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DISCUSSION FRAMEWORK FOR CLINICAL TRIAL DATA SHARING 27 Summaries and reports (e.g., publications from the trial, lay- language summary of trial results, trial registry results summary, CSR synopsis) would also help shared-data recipients understand and make the most efficient use of shared data. There are variations in how these data elements are defined and in the terminology used to describe them. In its future deliberations, the committee will seek clarity and consistency in use of the terms. The final report will include discussion of how the information in the analyzable dataset, CSR, and IPD differ and which types of analyses, either con- firmatory or exploratory, require which level of data sharing. Who Are the Providers of Shared Data? Data are generated at almost every step in the clinical research pro- cess, from the initial collection of baseline participant data to the analysis of the analyzable dataset. Different individuals or organizations hold or control the data at different times during the course of the trial (e.g., la- boratory technicians, investigators, database administrators, statisticians, DSMBs, sponsors, and regulatory agencies). A data holder may or may not have legal authority to share the data with others. In contrast, an in- dividual or organization with the authority to share the data might not have physical possession of the data at a particular time. Thus, responsi- bility for providing data for sharing might need to be coordinated among several entities. Potential entities that are likely to be data providers in- clude (but are not limited to) the following: x Individual participants in a clinical trial (the initial “providers” of data to researchers). Some participants might hold data to the extent that they self-generate and transmit the data (from self- quantifying devices), retain copies of the data, or receive infor- mation from investigators. Participants could, in turn, share their information with organizations that aggregate data from many participants (e.g., disease advocacy groups, research platforms such as PatientsLikeMe, Reg4ALL, or Sage Bionetwork’s Bridge). x Clinical trial funders (e.g., government, industry, foundations, or advocacy organizations). x Contract research organizations that collect source data from par- ticipants on behalf of sponsors. x Principal investigators or their institutions.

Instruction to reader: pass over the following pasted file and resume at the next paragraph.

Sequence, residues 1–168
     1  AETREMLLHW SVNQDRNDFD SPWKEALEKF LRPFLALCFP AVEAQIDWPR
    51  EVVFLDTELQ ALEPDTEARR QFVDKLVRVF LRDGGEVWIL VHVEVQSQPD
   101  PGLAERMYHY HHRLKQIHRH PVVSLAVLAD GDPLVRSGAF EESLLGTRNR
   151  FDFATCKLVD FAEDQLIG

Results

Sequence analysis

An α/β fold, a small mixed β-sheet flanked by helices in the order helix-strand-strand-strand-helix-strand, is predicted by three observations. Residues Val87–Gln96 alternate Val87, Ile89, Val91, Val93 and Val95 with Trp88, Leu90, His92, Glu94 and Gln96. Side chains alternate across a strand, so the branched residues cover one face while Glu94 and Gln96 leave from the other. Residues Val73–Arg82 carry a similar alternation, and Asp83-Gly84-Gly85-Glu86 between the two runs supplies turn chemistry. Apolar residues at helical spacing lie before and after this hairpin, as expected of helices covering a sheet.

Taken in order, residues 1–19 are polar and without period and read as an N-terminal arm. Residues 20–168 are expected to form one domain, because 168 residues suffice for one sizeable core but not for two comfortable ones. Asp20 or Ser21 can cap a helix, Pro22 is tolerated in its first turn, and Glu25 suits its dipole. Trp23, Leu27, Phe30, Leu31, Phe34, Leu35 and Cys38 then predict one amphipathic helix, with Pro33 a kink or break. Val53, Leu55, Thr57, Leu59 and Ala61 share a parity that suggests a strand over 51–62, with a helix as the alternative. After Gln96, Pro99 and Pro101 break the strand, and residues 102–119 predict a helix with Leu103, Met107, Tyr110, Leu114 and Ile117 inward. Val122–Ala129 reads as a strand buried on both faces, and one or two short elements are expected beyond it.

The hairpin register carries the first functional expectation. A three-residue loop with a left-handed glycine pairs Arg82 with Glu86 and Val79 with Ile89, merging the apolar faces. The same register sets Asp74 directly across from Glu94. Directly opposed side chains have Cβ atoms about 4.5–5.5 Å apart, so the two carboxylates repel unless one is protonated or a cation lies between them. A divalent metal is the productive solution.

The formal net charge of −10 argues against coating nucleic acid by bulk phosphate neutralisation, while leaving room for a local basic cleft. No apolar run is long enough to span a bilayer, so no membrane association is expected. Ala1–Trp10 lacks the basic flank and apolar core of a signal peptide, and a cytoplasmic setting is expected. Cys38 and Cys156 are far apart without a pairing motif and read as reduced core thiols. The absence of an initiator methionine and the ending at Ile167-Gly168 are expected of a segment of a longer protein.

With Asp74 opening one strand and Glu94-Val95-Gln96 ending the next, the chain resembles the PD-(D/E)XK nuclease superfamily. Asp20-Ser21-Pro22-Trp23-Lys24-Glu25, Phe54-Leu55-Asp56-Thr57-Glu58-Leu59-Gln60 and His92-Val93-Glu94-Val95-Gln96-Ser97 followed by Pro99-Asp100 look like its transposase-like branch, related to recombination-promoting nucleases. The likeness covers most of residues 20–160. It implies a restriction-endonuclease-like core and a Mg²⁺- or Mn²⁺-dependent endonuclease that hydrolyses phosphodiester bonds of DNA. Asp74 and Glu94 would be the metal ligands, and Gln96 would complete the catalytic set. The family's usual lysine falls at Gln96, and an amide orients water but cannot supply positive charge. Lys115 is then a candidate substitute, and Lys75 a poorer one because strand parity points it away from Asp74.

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28 DISCUSSION FRAMEWORK FOR CLINICAL TRIAL DATA SHARING x Site principal investigators of a multisite trial or their institutions. x The data or biostatistics coordinating center or the institution hosting the center. x Regulatory agencies to which data are submitted. x Systematic reviewers and guideline developers. Potential users of shared data will need to know whom to contact to obtain the data they seek, who owns the data, who controls the data, and where they can get answers to questions that will inevitably arise about the dataset. As such, data providers might have an ongoing resource role, beyond simply sending data and metadata to recipients. The final report will include analysis of the advantages and disadvantages of various ac- tors having responsibility for providing data to be shared. Who Are the Recipients of Shared Data? Many individuals and entities could be recipients of shared data from clinical trials. These include (but are not limited to) the following: x Individuals participating in the trial, as a part of the agreement for participation, for a variety of reasons described above (e.g., trust, transparency, respect, engagement). x Researchers seeking to reanalyze a study or explore new scien- tific questions. x The institutions supporting the researchers. x Funding agencies (e.g., government, private sector). x IRBs or scientific peer review committees reviewing a new study of the same or a similar intervention in order to have a more comprehensive safety profile of the intervention. x The DSMB or DMC for another clinical trial, whose decision to recommend continuing or stopping that trial can be informed by the results of a completed trial that has not yet been or will never be published. x Educators requesting to use a dataset for teaching purposes (e.g., in a biostatistics class). x A disease advocacy group seeking to advance research. x Prospective plaintiffs or attorneys seeking information that could be used in current or future litigation.